• Combination pills containing newer progestins (i.e. desogestrel, gestodene, norgestimate) are less likely to cause acne than those with older-generation progestins (i.e. levonorgestrel, norethindrone)
  • Progestin-only methods such as the Depo-shot (depot medroxyprogesterone acetate) are more likely to cause post-birth control acne
  • Vaginal rings are less likely to cause post-birth control acne than pills

How to Treat Post-Birth Control Acne?

Time might be the most important factor in treating post-birth control acne, as your body will take anywhere from weeks to months before returning to its natural hormone levels.

In the meantime you can help your acne heal by limiting your intake of high-sugar foods, avoiding dairy products, and using zinc and antioxidant supplements.

Limiting  your intake of high-sugar foods

A typical Western diet is loaded with carbs that can spike blood glucose levels and reduce insulin sensitivity. Therefore, if you are looking for a way to heal your acne, opt for low-glycemic-index foods that are low in carbs.

Studies show that a low-carb and high-estrogen diet reduces both insulin resistance and levels of sex hormones that can cause acne. Such foods can include green veggies, fruits, raw carrots, kidney beans, chickpeas, lentils, and bran breakfast cereals. These foods can not only reduce the risk of post-birth control acne but also help you lose weight as an added bonus.

Avoiding Dairy Products

There is a well-established link between dairy consumption and acne. Dairy products might increase the risk of post-birth control acne by triggering an inflammatory response and increasing the levels of hormones like IGF-1 and insulin.

The hormones in milk might also trigger acne, though this has not been proven yet. Read this page for more on dairy products and acne.

Using supplements

Taking a zinc supplement can help reduce inflammation and oxidative stress and thus improve post-birth control acne. You may take zinc by mouth or apply an ointment on your acne.

Because zinc contains many favorable properties for fighting acne, it can be a valuable addition to your skin regimen. One large study found that oral zinc supplementation was effective in treating inflammatory acne. However, as with any other supplement, the results may vary from individual to individual.

Another supplement you should consider for treating post-birth control acne is an antioxidant, or a combination of antioxidants. Oral intake of antioxidants like vitamins C, vitamin E, carotenoids, and chromium can improve acne. Likewise, topical application of vitamins C and E can reduce the risk of developing acne by protecting your skin from harmful UV rays.

A study suggested that vitamin C and E supplements can even offset the oxidative stress caused by oral contraceptives. Another study in 2014 suggested that vitamin B5 supplementation can help reduce acne lesions.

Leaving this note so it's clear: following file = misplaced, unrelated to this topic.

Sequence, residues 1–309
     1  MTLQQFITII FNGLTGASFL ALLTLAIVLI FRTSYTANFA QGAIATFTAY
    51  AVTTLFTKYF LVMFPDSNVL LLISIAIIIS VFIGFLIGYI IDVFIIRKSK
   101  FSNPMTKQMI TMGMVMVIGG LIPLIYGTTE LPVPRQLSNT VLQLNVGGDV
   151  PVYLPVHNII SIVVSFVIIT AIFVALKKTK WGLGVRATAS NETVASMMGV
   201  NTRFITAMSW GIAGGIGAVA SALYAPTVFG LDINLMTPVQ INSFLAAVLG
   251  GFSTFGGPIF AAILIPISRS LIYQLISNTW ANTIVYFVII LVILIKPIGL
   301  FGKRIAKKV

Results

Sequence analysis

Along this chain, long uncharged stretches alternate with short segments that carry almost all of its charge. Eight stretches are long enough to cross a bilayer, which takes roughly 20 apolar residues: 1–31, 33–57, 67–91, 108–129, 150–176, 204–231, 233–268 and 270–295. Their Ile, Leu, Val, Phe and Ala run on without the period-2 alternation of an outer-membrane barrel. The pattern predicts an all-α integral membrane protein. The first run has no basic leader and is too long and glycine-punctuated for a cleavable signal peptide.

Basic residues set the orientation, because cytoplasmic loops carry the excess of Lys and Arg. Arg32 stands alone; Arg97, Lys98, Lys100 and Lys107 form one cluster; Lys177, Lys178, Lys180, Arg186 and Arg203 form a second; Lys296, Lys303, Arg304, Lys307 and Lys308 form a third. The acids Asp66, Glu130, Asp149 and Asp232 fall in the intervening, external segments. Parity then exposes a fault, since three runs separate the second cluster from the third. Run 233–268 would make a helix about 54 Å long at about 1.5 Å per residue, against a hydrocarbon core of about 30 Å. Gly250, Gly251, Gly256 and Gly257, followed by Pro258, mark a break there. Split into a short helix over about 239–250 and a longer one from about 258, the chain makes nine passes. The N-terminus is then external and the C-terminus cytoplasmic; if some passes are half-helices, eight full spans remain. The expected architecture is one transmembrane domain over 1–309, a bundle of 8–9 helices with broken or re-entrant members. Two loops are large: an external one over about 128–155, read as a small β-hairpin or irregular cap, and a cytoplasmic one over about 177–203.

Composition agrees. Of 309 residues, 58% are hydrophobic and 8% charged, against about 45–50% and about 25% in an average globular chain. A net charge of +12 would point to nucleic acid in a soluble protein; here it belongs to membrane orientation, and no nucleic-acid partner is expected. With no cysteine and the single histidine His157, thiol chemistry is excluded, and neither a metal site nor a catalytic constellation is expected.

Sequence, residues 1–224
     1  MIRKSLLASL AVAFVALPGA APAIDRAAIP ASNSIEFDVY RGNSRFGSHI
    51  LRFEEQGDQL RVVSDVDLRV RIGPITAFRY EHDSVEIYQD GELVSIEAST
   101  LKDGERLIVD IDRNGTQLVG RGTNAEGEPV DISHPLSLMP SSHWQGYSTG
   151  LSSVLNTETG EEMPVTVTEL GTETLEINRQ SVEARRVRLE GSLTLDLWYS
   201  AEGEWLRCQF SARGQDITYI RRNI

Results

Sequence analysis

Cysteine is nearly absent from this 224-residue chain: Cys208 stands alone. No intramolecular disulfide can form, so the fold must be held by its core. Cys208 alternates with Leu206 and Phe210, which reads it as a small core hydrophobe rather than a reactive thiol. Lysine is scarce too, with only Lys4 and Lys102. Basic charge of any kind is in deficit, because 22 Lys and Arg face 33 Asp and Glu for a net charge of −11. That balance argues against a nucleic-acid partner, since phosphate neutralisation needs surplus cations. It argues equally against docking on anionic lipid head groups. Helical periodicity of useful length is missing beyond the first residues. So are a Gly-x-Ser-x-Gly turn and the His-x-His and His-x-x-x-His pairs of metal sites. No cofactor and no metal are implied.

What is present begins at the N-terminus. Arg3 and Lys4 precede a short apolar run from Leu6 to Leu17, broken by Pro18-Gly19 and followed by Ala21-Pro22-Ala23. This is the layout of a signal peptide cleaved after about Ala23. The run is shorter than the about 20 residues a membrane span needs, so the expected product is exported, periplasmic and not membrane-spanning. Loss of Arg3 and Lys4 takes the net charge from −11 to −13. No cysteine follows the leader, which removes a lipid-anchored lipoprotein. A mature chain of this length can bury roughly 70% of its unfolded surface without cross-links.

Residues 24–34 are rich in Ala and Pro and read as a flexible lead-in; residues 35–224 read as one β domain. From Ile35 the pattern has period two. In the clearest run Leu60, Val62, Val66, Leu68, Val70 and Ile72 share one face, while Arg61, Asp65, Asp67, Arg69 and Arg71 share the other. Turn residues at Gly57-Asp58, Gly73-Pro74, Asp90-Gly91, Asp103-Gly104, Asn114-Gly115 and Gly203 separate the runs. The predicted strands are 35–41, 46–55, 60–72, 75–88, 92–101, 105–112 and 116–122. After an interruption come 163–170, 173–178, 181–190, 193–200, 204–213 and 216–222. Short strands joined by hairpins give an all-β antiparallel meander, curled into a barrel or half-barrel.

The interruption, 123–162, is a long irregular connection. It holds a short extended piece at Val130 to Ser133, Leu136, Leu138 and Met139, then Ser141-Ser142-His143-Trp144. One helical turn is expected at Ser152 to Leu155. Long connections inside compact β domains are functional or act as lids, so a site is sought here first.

Using a combination of antioxidants might be better than taking individual antioxidants. According to one study, a combination of both water-soluble antioxidants (i.e. catechins found in green tea) and fat-soluble antioxidants (i.e. lipoic acid, beta-carotene, coenzyme Q10) probably offers the most complete protection against oxidative damage caused by oral contraceptives.

Click here to read more about the role of antioxidants in acne treatment.

Frequently Asked Questions

How to avoid acne after going off birth control?

To minimize the risk of getting post-birth control acne you should:

  • Use birth control with 3rd-generation progestins (see above)
  • Avoid mini-pills and Depo-shots
  • Use the minimum effective doses
  • Go for methods other than pills, when possible

Does everybody get acne after stopping birth control?

No. The risk of acne after stopping birth control depends on your pre-birth control hormonal profile, genetics, and type of contraception used (method and doses).

What about hormonal acne caused by birth control, will it go away after going off the pill?

Women who have suffered from acne caused by birth control say it takes up to a year for the skin to settle down after stopping birth control.

How long does it take to go back to normal after stopping birth control?

The NHS states that most women will resume their normal periods within 2 to 4 weeks after stopping birth control. Acne, however, can linger for almost a year.

Take away message

Acne after stopping birth control is common among millions of women who have taken hormonal contraceptives. Though not a serious medical condition, it can damage to your perceived self-image and confidence.

The good news is that there is evidence to support the following methods to lower your risk of post-birth control acne:

  • Choose the right birth control pills. Aim for a pill with low-dose estrogen and new-generation progestins. Third-generation progestins have lower androgenic effects and minimal effect on insulin resistance, thus a more favorable acne profile.
  • Opt for birth control methods other than pills, when possible. We recommend patches or vaginal rings.
  • Take care of your overall health both during and after birth control use. This includes smoking cessation, protecting your skin from UV rays, taking antioxidant-rich and low-carbohydrate foods, and avoiding dairy products.
  • And finally, give your body enough time to regain its natural hormone levels. Remember, it may take anywhere from weeks to months, or even a year for your body to adjust back to its pre-birth control condition.

What is your take on stopping hormonal birth control and acne? Leave a comment below and share your experiences!

About Me

Shailesh (B. Pharm) is a registered pharmacist and the main researcher at Acne Einstein. He enjoys digging into latest findings of research and ensures that our research and articles are up-to-date.